This month, we take a look at optimizing content based upon parametric surfaces. To do this we concentrate on a specific case, 4x4 Bezier patches. By creating an optimized engine that incorporates tessellated surfaces, we can exploit features such as continuous LOD and nonrigid body deformation. This article features the work of Ronen Zohar, a member of Intel Israel's Media Team, who has experience with a wide range of 3D engine optimizations under his belt, including Intel's Processor Specific Graphics Pipeline for Direct3D since release 6.
With increased processor power, previous offline 3D tasks, such as dealing with highorder surfaces, can now be performed at runtime. A big advantage of highorder surfaces is that their relatively small data set makes them perfect for bandwidthlimited Internet applications. Since current 3D HW can render triangles only, we must generate triangles from the highorder surface using a process called “tessellation.” In this article, we show how to perform uniform tessellation of 4x4 Bezier surfaces (or patches), using the SIMD power of the Pentium III processor’s Streaming SIMD Extensions. Our implementation is written in C++ using the Streaming SIMD Extensions support classes and the Intel C/C++ compiler.
Introduction to Bezier Curves and Surfaces
Bezier
curves are parametric curves defined by a set of n+1 control points
(P_{0}P_{n}), which_{ }define the “basic shape”
of the curve, and a parameter (t), in the range of [0..1]. The mathematical
representation of a Bezier curve is:
where
the polynomials, B_{i,n}, (called Bezier basis functions) are
defined as:
Bezier curves are polynomials of nth degree that interpolate between the control points, where C(0) = P_{0} and C(1) = P_{n}.
Bezier surfaces are twoparameter expansions to the Bezier curve concept. Bezier surfaces are defined by an (n+1) x (m+1) matrix of control points (P), which define the “basic shape” of the surface, and two parameters (s and t), both in the range [0..1]. The mathematical representation of a Bezier surface is:
Lighting and reflection mapping calculations require the normal vector for each surface point (s, t). To calculate this vector, we first differentiate the surface equation with respect to s and t. The resultant partial derivatives define two vectors in the plane tangent to the surface at (s, t). The normal vector for the surface at this point is the cross product of these two tangent vectors:
In this paper, we deal with 4x4 Bezier curves, which are bicubic polynomials. The basis functions and their derivatives for the n=3 case are:
The Tessellation Process
There are three basic steps in the tessellation process: taking samples of the parametric surface, connecting these samples into triangles, and generating the tessellated surface vertices.
Many techniques and algorithms deal with the problem of sampling the parametric surface. Some are based on the surface curvature (the smaller the surface curvature, the fewer triangles you need to approximate the surface shape). We use the simplest algorithm, which uniformly divides the [0…1]^{2} (s, t) plane into some tessellation level , and then samples the surface at these points. Note that we designed our data structures so that any other tessellationsampling algorithm can be used instead of our simple algorithm.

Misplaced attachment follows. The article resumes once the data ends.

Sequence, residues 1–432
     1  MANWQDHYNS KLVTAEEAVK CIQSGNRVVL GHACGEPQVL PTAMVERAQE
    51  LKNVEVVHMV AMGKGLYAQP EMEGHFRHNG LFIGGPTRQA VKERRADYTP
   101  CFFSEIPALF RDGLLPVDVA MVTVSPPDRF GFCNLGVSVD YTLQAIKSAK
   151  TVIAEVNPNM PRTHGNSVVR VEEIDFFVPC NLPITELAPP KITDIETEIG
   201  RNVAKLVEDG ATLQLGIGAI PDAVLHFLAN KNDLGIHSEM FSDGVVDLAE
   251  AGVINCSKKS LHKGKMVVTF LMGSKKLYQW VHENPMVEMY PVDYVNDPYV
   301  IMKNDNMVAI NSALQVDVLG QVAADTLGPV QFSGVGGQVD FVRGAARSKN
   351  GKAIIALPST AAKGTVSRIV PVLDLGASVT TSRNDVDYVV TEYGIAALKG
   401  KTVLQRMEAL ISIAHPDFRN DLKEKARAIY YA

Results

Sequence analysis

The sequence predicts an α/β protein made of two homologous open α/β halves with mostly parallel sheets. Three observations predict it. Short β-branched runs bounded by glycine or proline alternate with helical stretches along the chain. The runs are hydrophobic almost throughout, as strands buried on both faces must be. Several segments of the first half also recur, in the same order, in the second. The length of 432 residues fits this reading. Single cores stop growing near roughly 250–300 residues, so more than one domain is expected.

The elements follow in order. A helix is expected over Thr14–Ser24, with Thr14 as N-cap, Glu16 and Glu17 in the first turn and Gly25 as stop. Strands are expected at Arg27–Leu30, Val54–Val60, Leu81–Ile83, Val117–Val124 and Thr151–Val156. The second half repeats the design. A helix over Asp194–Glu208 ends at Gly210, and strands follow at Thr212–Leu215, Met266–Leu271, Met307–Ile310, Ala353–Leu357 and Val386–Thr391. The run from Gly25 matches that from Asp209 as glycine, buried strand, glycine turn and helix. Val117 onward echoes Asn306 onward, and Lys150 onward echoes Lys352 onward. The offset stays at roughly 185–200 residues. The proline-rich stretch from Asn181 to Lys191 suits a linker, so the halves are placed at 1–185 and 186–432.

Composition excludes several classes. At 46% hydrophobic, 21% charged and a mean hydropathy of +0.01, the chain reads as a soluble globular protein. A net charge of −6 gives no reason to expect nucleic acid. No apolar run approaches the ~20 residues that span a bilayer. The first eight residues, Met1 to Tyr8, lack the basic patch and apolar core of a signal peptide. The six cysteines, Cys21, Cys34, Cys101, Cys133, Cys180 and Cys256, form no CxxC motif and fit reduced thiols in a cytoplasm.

After determining the sample points, we precalculate the basis function values at these sample points and generate an indices list that accompanies the tessellation data. This indices list describes the triangle connectivity of the surface sample points that will be generated by the tessellation process. The indices list will be submitted to the rasterizer, along with the surface sample points, in order to render the tessellated surface.
We can use two methods to generate the tessellated surface vertices. The simplest method is to compute the surface position and normal in object space (the space where the control points are defined), and then feed these vertices to the triangle transform and lighting routines. A more complex, but faster, method is to transform the control points to screen space and tessellate using the transformed control points. In our case, we will need 16 transformations, regardless of the number of vertices generated by the tessellation process. The two drawbacks of the second method are:
 For small vertex counts, it is cheaper to transform only an already tessellated surface.
 Lighting calculations sometimes require object or world space position. In this case, we will have to tessellate once for screen space and once for object/world space.
We’ve implemented only the second method, but the implementation of the first method can be done easily by commenting the transformation and lighting calculations from the routines.
Data Structures and Classes
The CBezierTessellation Class:
The CBezierTessellation class serves two purposes. The first is to hold the triangle indices data for the current tessellation level. This data is sent to the rasterization HW and indicates how to connect the vertices generated by the tessellation process into triangles. The second purpose is to hold precalculated values for the basis functions and their derivatives for the chosen (s, t) parameter pair at each sample point. Since our tessellation is not dependent on the position of the control points of the Bezier patch, we can use one CBezierTessellation object for all the Bezier patches in our application.
The CBezierSurface and CBezierPatch Classes:A single, 4x4 patch can generate only a limited set of objects. This is why we often see sets of 4x4 patches connected to each other to produce the object, where each patch defines only a small portion of the object’s surface. Neighboring patches are connected by sharing the control points along the common edge of the connected surface. To use the data efficiently, we define two classes: CBezierSurface, which holds all the control points used by the object, and CBezierPatch, which holds a 4x4 matrix of indices to control points stored in the patch parent CBezierSurface object.
Streaming SIMD Extensions Implementation
SetupWe use Streaming SIMD Extensions to evaluate the surface position and surface normal for four sample points in parallel. Within the data structure, the basis function values for the sample points (s, t) are organized into groups of four values each. To improve cache locality, we store these values in continuos memory blocks. The memory footprint of the basis function values looks like:
B_{0,3}(s0),B_{0,3}(s1),B_{0,3}(s2),B_{0,3}(s3),B_{1,3}(s0),B_{1,3}(s1),,,,B_{3,3}(t0), B_{3,3}(t1), B_{3,3}(t2), B_{3,3}(t3)